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View Full Version : can one person store another person's firearms?


Whiterabbit
02-01-2011, 9:50 PM
Here's a hypothetial question. In this hypothetical situation, we have Person A who wants a firearm but for familial reasons, wants to keep it in a safe. Person B has a safe with space and is family/in-law, and has the ability to store such a firearm. Person A has no access to said safe without Person B being involved/scheduled.

So Person A owns the firearm as per law, but Person B has de-facto 24 hour access and stores said firearm on his property.

Legal? Not Legal?

jtmkinsd
02-01-2011, 9:57 PM
It's perfectly fine. "Person A" is just storing his/her firearm in "Person B's" safe...no biggie. All the info about not having access is kind of odd...would make no difference legally if they did have access or not...unless there is something more to the story. :rolleyes:

bruss01
02-02-2011, 7:46 AM
Would that be considered "loaning" to a disinterested third party?

In order to avoid loaning, what would be required? Trigger lock that only the actual owner has access to?

GrizzlyGuy
02-02-2011, 8:15 AM
It's perfectly fine. "Person A" is just storing his/her firearm in "Person B's" safe...no biggie. All the info about not having access is kind of odd...would make no difference legally if they did have access or not...unless there is something more to the story. :rolleyes:

Does anyone know of case law, an AG memo or something similar that confirms what jtmkinsd is saying? It seems to me that since person B has possession and control of person A's firearm, and person A doesn't even have the means to access it without person B being involved, this would be a loan governed by 12070 (http://law.onecle.com/california/penal/12070.html) and/or 12078 (http://law.onecle.com/california/penal/12078.html).

I've never seen an exception in the penal code for 'storage <> loan' and there are various restrictions on loans summarized here (http://wiki.calgunsfoundation.org/index.php/FAQ#Loaning_Questions).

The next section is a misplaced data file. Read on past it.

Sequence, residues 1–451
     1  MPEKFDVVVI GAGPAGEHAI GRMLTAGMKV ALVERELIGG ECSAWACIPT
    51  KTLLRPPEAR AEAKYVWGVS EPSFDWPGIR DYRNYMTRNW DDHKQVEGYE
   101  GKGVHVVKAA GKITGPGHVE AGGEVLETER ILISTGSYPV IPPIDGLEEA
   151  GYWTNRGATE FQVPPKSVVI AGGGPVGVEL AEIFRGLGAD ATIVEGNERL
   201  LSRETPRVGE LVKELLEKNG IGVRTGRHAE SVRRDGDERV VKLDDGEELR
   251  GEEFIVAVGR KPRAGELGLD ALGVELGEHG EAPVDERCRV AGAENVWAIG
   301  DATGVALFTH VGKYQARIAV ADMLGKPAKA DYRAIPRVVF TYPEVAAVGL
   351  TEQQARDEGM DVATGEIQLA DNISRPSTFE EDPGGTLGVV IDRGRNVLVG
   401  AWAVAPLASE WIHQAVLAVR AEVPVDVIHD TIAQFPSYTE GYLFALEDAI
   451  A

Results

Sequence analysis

jtmkinsd
02-02-2011, 10:22 AM
Does anyone know of case law, an AG memo or something similar that confirms what jtmkinsd is saying? It seems to me that since person B has possession and control of person A's firearm, and person A doesn't even have the means to access it without person B being involved, this would be a loan governed by 12070 (http://law.onecle.com/california/penal/12070.html) and/or 12078 (http://law.onecle.com/california/penal/12078.html).

I've never seen an exception in the penal code for 'storage <> loan' and there are various restrictions on loans summarized here (http://wiki.calgunsfoundation.org/index.php/FAQ#Loaning_Questions).

There are no specific laws about storage of firearms. But from a pure liability standpoint, steps should be taken to make sure the firearm isn't accessible...so put a lock on it before you give it to anyone to store...simple.

WileyWilly
02-02-2011, 10:36 AM
Write up a storage agreement to rent/lease space in person B's safe, both sign, exchange $1 or other valuable consideration, put a lock on gun and you should be done.

Full Clip
02-02-2011, 10:46 AM
I'd think RAWs would be out of the question...

paul0660
02-02-2011, 11:04 AM
It's neither fish nor fowl.

Put a lock on it, and it isn't a loan, I think.

I wouldn't go the written storage agreement, because I think you need a FFL to "store" guns.

jtmkinsd
02-02-2011, 11:29 AM
It's neither fish nor fowl.

Put a lock on it, and it isn't a loan, I think.

I wouldn't go the written storage agreement, because I think you need a FFL to "store" guns.

Negative.

Also, the written agreement is an ok idea, the exchange of $1 is just bizarre.

paul0660
02-02-2011, 11:33 AM
Ok Doke.

H3llpl3ss
02-02-2011, 1:09 PM
I thought handguns can only be loaned for up to 30 days at a time and that the person borrowing or storing it had to have a valid HSC.

stix213
02-02-2011, 1:35 PM
Write up a storage agreement to rent/lease space in person B's safe, both sign, exchange $1 or other valuable consideration, put a lock on gun and you should be done.

This is what I would do also, otherwise I don't see how it could argued that it isn't a loan. Loan of a firearm would be limited to 30 days, and if it included an handgun the person storing it would need a HSC.